Not all seeds are created equal, especially in the rapidly advancing world of “bio/agri-technology”. Seed companies are developing strains that cater to the “end-user” requirements – one strain of corn that is grown solely for oil, another strain of corn solely for sugar. But what’s really driving this diversification? And how will the transportation industry be effected?
As humans and science struggle to keep up with the increasing sustenance demands of an ever- growing global population, trucking for biotech companies becomes an important niche market in the worldwide logistics industry. According to the USDA, “widespread acceptance of specialty grains and oilseeds is dependent upon the ability of the handling and transportation system to deliver these crops to end users in consistent volumes.” Apparently, these new strains of “biotech” seeds have more uniquely sensitive transportation requirements than standard agricultural products. But is this really a viable approach?
Let’s look at the world’s largest crop: corn. According to the Earth Policy Institute, the US is one of the largest producers of corn, and corn is one of the few crops wherein consumption continually outpaces production, both domestically and abroad. Millions of tons of corn are harvested annually from the mid-west United States, trucked to both the east and west coasts, and then shipped, via containers, overseas. And yet, the USDA is calling for specialty crops to be located closer to the end-user’s market to curtail specialty transportation costs.
What does that really mean? Specialty crops are not viable for international export, so they will require only short-haul trucking. The USDA remains unclear about what transportation specifications the new seeds will require – perhaps because the technology is still so new. As such, basic logic would concede that advancements in biotechnology should not outpace the transportation capabilities on which they rely. That would be putting the proverbially cart before the horse.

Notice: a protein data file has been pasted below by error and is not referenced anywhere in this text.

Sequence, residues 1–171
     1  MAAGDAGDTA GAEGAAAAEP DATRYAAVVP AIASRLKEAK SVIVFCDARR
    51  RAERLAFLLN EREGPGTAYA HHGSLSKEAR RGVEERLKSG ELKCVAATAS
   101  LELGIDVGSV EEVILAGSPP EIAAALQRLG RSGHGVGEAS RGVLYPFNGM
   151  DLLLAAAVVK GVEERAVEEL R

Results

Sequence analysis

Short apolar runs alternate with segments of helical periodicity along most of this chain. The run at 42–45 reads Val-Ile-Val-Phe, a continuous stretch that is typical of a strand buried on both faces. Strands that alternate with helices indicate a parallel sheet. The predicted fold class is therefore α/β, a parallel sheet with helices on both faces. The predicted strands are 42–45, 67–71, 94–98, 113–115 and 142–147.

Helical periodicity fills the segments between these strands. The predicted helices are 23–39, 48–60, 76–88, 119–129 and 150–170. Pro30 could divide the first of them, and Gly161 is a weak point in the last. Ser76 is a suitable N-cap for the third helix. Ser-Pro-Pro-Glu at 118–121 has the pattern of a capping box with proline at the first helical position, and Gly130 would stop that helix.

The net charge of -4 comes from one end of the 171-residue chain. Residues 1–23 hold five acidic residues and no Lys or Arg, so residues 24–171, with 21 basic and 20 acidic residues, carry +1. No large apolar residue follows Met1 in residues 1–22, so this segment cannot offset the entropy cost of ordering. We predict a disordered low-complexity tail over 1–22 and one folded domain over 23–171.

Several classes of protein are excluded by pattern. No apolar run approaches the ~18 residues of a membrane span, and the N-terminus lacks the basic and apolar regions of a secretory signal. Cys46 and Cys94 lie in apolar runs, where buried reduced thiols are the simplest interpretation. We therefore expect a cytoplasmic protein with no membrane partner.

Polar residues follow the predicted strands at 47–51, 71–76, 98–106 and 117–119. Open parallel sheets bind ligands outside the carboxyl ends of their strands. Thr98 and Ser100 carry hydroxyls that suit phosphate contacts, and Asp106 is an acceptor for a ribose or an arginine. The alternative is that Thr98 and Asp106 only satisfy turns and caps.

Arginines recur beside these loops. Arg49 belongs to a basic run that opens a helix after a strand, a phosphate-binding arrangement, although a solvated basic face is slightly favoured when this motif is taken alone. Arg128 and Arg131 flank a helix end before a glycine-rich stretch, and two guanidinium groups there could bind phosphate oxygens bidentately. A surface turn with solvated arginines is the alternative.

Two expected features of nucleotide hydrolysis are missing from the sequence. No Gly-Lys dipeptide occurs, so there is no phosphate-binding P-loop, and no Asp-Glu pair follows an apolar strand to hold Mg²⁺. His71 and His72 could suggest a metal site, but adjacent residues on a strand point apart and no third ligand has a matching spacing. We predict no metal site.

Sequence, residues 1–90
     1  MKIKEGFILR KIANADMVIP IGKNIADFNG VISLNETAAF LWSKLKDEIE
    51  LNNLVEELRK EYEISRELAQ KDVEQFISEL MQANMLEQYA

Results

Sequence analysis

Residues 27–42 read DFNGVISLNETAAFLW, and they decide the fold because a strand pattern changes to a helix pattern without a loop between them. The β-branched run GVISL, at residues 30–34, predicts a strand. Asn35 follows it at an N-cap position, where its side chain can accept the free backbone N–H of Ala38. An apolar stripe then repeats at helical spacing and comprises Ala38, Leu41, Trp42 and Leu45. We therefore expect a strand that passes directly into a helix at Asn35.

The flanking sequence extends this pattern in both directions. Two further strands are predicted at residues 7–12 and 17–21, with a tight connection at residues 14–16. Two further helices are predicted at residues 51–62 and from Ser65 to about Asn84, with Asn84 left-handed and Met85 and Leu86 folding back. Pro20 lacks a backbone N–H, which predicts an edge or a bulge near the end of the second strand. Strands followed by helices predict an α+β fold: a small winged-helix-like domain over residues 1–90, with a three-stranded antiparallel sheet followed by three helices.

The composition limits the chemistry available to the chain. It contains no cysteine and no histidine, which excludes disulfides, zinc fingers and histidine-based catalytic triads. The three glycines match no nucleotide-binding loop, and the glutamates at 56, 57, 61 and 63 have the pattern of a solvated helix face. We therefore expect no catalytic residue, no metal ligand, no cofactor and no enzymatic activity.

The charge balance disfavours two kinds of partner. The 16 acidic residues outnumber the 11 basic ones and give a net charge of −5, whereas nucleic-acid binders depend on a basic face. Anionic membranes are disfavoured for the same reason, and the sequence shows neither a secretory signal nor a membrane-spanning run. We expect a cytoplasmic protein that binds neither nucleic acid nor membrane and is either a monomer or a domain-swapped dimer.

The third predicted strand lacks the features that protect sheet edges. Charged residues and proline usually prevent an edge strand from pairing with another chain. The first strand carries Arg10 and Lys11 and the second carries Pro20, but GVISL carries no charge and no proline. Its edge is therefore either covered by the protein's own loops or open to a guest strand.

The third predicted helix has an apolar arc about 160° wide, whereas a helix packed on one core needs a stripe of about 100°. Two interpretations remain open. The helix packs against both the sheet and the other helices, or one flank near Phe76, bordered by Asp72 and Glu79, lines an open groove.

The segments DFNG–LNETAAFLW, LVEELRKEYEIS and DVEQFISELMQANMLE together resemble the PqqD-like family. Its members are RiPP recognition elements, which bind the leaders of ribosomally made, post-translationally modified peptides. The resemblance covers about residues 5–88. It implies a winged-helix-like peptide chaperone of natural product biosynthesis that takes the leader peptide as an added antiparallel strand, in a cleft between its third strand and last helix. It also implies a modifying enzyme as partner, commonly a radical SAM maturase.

On the other hand, it is a fact that one-third of US corn production goes directly to a refinery for production of ethanol. If an oilseed crop was located near a refinery, the specialty seeds could be processed quickly garnering a product that is more stable for standard transportation.
Either way, transportation is a serious consideration for biotech companies. Timing is critical not only for contract fulfillment but for the sensitive nature of biological goods, specifically those with a short-lived expiration date. At First Call Trucking, we know all about the safe and fast handling of time sensitive materials from factory to truck to dock, up and down the Atlantic coast and across the country.
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